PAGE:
Around 95 percent of the intercontinental trade in goods is conducted by sea. This means that for an export-oriented economy like Germany, having a strong maritime industry is key. The Federal Ministry for Economic Affairs and Energy is employing a wide range of different measures to provide support for the maritime industry. Parliamentary State Secretary Uwe Beckmeyer is coordinating these measures.

The business community and policymakers seek to ensure that Germany’s maritime industry is structurally strong and that it can harness its full potential.

‘Innovative Shipbuilding Safeguards Competitive Jobs’ funding programme

Over the last few years, the Federal Government and the German Länder have provided targeted support for German shipyards via their ‘Innovative Shipbuilding Safeguards Competitive Jobs’ funding programme. Since the programme was launched in 2005, the Federal Ministry for Economic Affairs and Energy has provided a total of €175 million in funding (with €111 million of the funding provided by the Federal Government and 64 million by the German Länder) for the total number of applications approved. This has allowed shipyards to reduce the risk involved in carrying out innovative projects and become more competitive market players. Applications for funding can be submitted to the Federal Office for Economic Affairs and Export Control (BAFA). The guideline governing the funding programme is published in the Federal Gazette.

‘Next-generation Maritime Technologies’ funding programme

The Federal Ministry for Economic Affairs and Energy is providing support for companies, universities and research facilities working in the shipping and marine technology industries via its ‘Next-generation Maritime Technologies’ funding programme. Funding is provided in the form of non-repayable grants. In the shipping sector, R&D funding is provided primarily for the development of new types of production technologies and innovative high-tech ships and components. In the coastal and inland waterway shipping sectors, a particular focus is placed on modifying ship designs in a way that makes it possible to shift transport from roads to waterways, thus making it more environmentally-friendly. In the non-shipbuilding-related maritime technology sector, funding is primarily provided for the development of innovative systems solutions for underwater exploitation of crude oil, natural gas and methane hydrates.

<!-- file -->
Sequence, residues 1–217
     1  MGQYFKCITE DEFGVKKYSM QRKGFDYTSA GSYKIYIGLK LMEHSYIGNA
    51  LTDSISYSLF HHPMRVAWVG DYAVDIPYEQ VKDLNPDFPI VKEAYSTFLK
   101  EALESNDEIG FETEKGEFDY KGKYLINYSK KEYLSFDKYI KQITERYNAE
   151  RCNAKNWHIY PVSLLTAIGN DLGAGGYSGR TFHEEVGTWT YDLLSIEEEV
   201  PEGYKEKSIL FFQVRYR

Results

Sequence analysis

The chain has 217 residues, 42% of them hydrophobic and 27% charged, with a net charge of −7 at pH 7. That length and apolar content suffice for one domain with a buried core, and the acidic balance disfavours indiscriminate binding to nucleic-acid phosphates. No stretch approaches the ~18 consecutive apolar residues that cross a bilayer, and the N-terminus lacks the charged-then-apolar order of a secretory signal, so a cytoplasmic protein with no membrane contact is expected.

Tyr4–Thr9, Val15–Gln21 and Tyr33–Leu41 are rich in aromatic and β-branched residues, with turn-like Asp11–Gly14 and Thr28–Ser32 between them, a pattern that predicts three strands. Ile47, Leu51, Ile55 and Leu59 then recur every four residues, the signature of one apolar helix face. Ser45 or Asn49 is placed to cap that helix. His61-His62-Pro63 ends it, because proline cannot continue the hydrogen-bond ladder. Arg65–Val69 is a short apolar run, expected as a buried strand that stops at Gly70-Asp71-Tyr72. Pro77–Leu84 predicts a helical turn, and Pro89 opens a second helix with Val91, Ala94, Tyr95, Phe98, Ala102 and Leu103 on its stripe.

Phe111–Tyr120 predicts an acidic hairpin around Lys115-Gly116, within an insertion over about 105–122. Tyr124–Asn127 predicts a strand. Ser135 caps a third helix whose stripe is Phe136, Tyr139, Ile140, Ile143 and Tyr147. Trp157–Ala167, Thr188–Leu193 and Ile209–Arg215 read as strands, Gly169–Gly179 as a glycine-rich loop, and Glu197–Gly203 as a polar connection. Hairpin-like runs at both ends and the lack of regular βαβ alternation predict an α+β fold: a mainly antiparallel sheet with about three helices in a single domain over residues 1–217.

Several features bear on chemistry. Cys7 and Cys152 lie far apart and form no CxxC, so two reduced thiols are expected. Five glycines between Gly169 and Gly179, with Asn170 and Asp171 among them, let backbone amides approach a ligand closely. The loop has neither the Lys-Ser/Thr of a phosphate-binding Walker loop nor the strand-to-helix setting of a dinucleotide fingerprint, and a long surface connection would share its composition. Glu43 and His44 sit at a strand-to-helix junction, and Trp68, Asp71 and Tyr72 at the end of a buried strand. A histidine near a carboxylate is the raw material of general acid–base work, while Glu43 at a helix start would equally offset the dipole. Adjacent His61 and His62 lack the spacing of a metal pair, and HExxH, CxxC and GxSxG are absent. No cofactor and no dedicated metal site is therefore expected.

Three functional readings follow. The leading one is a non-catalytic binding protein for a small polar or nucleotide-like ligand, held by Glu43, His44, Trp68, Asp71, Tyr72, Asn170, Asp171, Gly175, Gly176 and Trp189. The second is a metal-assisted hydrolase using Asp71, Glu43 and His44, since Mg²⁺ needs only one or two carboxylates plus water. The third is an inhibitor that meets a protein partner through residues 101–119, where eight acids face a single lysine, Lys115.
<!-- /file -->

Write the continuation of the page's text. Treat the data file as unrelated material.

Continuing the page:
Improving German companies’ capacity to export

The Federal Ministry for Economic Affairs and Energy is providing support for German shipyards so they can offer their customers competitive financing solutions. Fixed-rate financing at the CIRR rate and export credit guarantees from the Federal Government (Hermes guarantees) ensure that German companies can operate on a level playing field.

Dialogue with the maritime industry

In order to ensure that the maritime industry continues to move in the right direction, the Federal Ministry for Economic Affairs and Energy is promoting close dialogue between policymakers and the business sector. The National Master Plan for Maritime Technologies (NMMT) serves as a key tool for coordination and networking.

Keeping shipping routes safe

In 2013, a mechanism for the licensing of private-sector security companies was launched. This means that since 2013, private-sector security companies have been able apply to BAFA to undertake armed deployments on ocean-going vessels. By introducing this mechanism, the Federal Ministry for Economic Affairs and Energy has made sure that ship owners have more legal security when they deploy private staff to protect their crew and vessels against pirates, and that shipping routes become safer.